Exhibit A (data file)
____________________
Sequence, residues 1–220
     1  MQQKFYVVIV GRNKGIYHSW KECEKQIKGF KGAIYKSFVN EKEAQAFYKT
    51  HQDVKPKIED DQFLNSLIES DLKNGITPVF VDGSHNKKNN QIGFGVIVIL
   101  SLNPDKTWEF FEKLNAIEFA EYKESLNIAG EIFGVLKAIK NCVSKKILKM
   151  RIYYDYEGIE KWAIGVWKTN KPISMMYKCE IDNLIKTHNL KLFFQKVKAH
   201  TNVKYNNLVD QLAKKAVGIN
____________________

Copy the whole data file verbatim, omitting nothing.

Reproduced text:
Sequence, residues 1–220
     1  MQQKFYVVIV GRNKGIYHSW KECEKQIKGF KGAIYKSFVN EKEAQAFYKT
    51  HQDVKPKIED DQFLNSLIES DLKNGITPVF VDGSHNKKNN QIGFGVIVIL
   101  SLNPDKTWEF FEKLNAIEFA EYKESLNIAG EIFGVLKAIK NCVSKKILKM
   151  RIYYDYEGIE KWAIGVWKTN KPISMMYKCE IDNLIKTHNL KLFFQKVKAH
   201  TNVKYNNLVD QLAKKAVGIN